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# Change view of Tensor in PyTorch

• Difficulty Level : Medium
• Last Updated : 18 Oct, 2022

In this article, we will learn how to change the shape of tensors using the PyTorch view function. We will also look at the multiple ways in which we can change the shape of the tensors. Also, we can use the view function to convert lower-dimensional matrices to higher dimensions.

### What is the necessary condition to use the PyTorch view() function on a tensor?

As long as the number of elements in your original tensor is the same as the number of elements that must be there to form a matrix of the desired shape you can use the view function. For example, we have a tensor of shape, 1 x 16 we can convert it to 4 x 4, 2 x 2 x 4 but not into the shape of 2 x 4 x 4 because this tensor needs 32 elements but the input tensor has only 16.

### How to apply the view() function on PyTorch tensors?

Example 1: Python program to create a tensor with 10 elements and view with 5 rows and 2 columns and vice versa.

## Python3

 `# importing torch module``import` `torch` `# create one dimensional tensor 10 elements``a ``=` `torch.FloatTensor([``10``, ``20``, ``30``, ``40``, ``50``, ``1``, ``2``, ``3``, ``4``, ``5``])` `# view tensor in 5 rows and 2 columns``print``(a.view(``5``, ``2``))` `# view tensor in 2 rows and 5 columns``print``(a.view(``2``, ``5``))`

Output:

```tensor([[10., 20.],
[30., 40.],
[50.,  1.],
[ 2.,  3.],
[ 4.,  5.]])
tensor([[10., 20., 30., 40., 50.],
[ 1.,  2.,  3.,  4.,  5.]])```

Example 2: In this example, we will see how can we use -1 for one of the dimensions of the desired tensors shape.

## Python3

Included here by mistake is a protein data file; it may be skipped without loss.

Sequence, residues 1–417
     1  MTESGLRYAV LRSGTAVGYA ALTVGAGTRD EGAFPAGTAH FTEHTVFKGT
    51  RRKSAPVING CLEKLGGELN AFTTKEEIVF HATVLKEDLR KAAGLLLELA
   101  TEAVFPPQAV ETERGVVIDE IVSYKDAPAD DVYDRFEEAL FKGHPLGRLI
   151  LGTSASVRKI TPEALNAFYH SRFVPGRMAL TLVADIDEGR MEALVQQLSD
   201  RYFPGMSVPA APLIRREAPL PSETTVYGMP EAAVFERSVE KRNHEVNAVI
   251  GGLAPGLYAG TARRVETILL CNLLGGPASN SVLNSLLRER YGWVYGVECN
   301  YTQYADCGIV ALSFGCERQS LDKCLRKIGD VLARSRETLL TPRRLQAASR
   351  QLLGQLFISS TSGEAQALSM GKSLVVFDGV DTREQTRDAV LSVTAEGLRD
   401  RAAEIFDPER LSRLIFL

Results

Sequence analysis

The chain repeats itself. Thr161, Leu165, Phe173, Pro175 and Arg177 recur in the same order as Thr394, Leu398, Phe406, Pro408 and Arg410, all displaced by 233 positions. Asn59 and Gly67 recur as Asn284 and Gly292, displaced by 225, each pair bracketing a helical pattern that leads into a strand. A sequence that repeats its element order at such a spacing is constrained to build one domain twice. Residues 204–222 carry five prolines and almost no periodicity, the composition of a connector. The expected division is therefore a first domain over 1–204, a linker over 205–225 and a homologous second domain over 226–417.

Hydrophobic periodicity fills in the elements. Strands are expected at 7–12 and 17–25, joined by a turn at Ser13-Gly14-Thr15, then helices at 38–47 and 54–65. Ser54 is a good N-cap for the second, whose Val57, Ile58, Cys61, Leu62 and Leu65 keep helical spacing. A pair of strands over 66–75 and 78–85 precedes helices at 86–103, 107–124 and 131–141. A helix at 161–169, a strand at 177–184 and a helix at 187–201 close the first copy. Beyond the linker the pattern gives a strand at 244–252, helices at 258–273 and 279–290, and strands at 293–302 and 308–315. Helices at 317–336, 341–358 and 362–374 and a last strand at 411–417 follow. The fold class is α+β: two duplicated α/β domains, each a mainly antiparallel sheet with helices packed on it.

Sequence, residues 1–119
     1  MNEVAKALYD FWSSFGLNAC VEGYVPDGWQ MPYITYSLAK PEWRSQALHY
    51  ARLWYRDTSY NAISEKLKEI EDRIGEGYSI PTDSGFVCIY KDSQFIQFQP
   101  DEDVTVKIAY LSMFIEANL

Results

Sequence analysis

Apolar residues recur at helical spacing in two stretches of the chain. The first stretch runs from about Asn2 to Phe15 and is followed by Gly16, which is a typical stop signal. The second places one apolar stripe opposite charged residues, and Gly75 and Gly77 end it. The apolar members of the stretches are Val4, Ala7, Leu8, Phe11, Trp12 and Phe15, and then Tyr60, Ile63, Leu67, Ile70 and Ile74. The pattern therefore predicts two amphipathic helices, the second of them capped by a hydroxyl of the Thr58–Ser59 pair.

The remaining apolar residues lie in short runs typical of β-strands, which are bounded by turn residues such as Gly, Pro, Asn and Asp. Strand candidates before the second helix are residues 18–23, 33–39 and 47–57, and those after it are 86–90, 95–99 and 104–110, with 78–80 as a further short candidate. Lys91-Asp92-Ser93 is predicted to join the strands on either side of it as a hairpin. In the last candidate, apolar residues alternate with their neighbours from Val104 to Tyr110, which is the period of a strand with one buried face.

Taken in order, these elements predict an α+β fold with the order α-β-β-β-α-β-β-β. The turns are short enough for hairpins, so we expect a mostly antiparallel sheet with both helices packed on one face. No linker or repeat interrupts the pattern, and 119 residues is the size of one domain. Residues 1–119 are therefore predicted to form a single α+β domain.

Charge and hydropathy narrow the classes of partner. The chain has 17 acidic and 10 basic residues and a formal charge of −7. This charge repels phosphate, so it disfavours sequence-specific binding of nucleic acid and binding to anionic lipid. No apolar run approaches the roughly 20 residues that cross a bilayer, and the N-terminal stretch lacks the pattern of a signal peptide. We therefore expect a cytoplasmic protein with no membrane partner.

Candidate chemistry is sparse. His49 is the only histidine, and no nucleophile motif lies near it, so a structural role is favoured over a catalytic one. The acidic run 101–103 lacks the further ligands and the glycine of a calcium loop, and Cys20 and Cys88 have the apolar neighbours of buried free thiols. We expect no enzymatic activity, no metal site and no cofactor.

`# importing torch module``import` `torch` `# create one dimensional tensor 10 elements``a ``=` `torch.FloatTensor([``10``, ``20``, ``30``, ``40``, ``50``, ``1``, ``2``, ``3``, ``4``, ``5``])` `# view tensor in 5 rows``print``(a.view(``5``, ``-``1``))` `# view tensor in 5 columns``print``(a.view(``-``1``, ``5``))`

Output:

```tensor([[10., 20.],
[30., 40.],
[50.,  1.],
[ 2.,  3.],
[ 4.,  5.]])
tensor([[10., 20., 30., 40., 50.],
[ 1.,  2.,  3.,  4.,  5.]])```

When the weight matrices or shapes of the input and output of deep neural networks become confusing then passing -1 for one of the dimensions saves us from all the mind-boggling shapes of the tensors.

#### How to use the view() function to obtain more than two-dimensional tensors?

In the below example, we will see how to get a three or more-dimensional vector using the view function. This function helps a lot while handling image data as they are three-dimensional having RGB channels. Also, when we make a batch of these images it increases to four dimensions.

## Python3

 `# importing torch module``import` `torch``import` `numpy as np` `# create one dimensional tensor having 18 elements``a ``=` `torch.FloatTensor(np.arange(``18``))` `# view tensor in 2 x 3 x 3``print``(a.view(``2``, ``3``, ``3``))`

Output:

```tensor([[[ 0.,  1.,  2.],
[ 3.,  4.,  5.],
[ 6.,  7.,  8.]],

[[ 9., 10., 11.],
[12., 13., 14.],
[15., 16., 17.]]])```

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